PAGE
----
Monday, February 28, 2022

Hidden Altruism in Repetitive Family Interactions


In a recent Dear Abby advice column from 10/26/21,  a mother who had been an addict when her daughter was young complains about the guilt trips the daughter always seems to lay on her. Abby’s interpretation as to the possible motives for the daughter’s behavior is the seemingly common-sense one that most people – and most psychotherapists for that matter - would come up with: that the daughter was acting out of selfish needs.


Being the contrarian that I am, I discovered that selfishness is often actually a cover for altruistic self-sacrifice, and that the daughter is giving mom what mom seems to need from her. The mother’s obsessive guilt and her repeatedly and nearly constantly trying to fix her daughter might very well be the reason the daughter is doing this.


Now of course, from just a paragraph description in a letter I can’t be certain of my interpretation in this particular case, and there might be several other issues operating simultaneously that might be making this situation far more complicated than my formulation would suggest. The daughters’ brothers being perceived as the favorites, which is mentioned in the letter, might be one of them. The mother may have gender issues which might conceivably be involved.  And we don’t know anything about Mom’s former behavior, let alone her family dynamics

But if we could get the truth out of these people – always an iffy proposition -  I’d be willing to bet that I am at the very least on the right track. I have put in italics the part of the letter that I think gives it away. My hypothesis would be my starting point as her therapist in trying to understand what exactly is going on, and why.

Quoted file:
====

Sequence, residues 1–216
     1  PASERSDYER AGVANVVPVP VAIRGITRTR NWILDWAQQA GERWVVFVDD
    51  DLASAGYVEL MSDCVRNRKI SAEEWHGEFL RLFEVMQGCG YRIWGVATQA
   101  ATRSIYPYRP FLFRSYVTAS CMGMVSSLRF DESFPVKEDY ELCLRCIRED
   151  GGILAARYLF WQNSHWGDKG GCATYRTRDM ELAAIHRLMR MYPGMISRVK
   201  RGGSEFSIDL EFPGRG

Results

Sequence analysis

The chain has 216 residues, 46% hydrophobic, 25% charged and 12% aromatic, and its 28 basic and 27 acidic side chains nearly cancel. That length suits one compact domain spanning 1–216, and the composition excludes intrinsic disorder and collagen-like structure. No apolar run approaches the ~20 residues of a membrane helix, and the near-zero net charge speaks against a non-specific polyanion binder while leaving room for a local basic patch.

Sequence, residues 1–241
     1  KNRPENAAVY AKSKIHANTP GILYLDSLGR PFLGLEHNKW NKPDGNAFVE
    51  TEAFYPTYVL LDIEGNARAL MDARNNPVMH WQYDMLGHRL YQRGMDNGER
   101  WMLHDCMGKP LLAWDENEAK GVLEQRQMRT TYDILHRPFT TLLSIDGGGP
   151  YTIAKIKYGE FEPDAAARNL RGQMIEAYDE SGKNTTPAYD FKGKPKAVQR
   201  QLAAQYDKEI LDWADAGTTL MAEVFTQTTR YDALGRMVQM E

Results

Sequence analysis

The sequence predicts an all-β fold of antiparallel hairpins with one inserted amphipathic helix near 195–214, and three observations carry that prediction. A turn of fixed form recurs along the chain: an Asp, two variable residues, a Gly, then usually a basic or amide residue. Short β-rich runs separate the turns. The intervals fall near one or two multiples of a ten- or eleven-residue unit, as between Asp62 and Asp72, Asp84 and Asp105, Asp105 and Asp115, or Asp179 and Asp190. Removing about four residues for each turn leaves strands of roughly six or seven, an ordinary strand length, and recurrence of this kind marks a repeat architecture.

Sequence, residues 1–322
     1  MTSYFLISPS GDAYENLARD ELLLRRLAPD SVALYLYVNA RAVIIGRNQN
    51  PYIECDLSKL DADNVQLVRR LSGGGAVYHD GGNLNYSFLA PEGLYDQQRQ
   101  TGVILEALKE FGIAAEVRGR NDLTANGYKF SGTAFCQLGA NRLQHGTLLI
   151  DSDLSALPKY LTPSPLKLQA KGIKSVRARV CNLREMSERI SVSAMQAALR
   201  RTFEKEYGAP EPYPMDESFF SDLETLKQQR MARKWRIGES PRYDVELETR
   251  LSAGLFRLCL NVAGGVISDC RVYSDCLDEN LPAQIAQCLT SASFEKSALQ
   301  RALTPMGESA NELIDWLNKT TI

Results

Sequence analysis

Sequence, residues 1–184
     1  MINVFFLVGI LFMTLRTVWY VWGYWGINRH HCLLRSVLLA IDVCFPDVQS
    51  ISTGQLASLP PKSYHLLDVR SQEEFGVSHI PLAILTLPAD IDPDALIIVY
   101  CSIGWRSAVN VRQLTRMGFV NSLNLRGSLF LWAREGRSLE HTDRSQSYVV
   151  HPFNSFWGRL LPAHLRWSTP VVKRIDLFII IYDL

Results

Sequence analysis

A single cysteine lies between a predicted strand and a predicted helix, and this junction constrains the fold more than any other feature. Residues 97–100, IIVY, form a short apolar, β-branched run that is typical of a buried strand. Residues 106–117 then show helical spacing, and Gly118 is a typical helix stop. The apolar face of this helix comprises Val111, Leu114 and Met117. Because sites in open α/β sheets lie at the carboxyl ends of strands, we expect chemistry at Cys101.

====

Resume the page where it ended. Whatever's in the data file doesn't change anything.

ABBY: I'm the mother of a 36-year-old daughter. She claims I treat her younger brothers better than I treat her. I am a recovering addict -- clean for 20-plus years. I was in active addiction for nine years when she was a teenager, and she has never let that go. She constantly tells me how "unfair" I am, that I never make time for her and that I don't validate her feelings. I have apologized many times and tried to show her I don't treat her siblings differently. I schedule "us" time, but this is an ongoing battle, and I'm at a loss about how to fix it. How do I show her there's no difference in the way I treat any of them? How do I reassure her that her feelings are validated? This has caused me many tearful nights. -- WANTING SERENITY BACK


In reply Abby says she thinks this mother “created an emptiness in her daughter “that the mom may not be able to fill,” and that the daughter is “punishing” the mom for her former behavior. I submit that the daughter is actually giving Mom what Mom's endless guilt seems to be begging for: More and more guilt! Mom’s obsessive apologies would then trigger this pattern again and again, leading to the daughter heaping on more and more guilt leading to more apologies and so on in a vicious circle.


Each member of the duo thinks the other one needs this interaction while discounting their own contribution to the pattern. They have to cover up their own role in order to continue playing it effectively, both for the stabilization of a parent. Mom’s history of substance abuse and neglecting children would, under this scenario, be a role she was playing for her parents.

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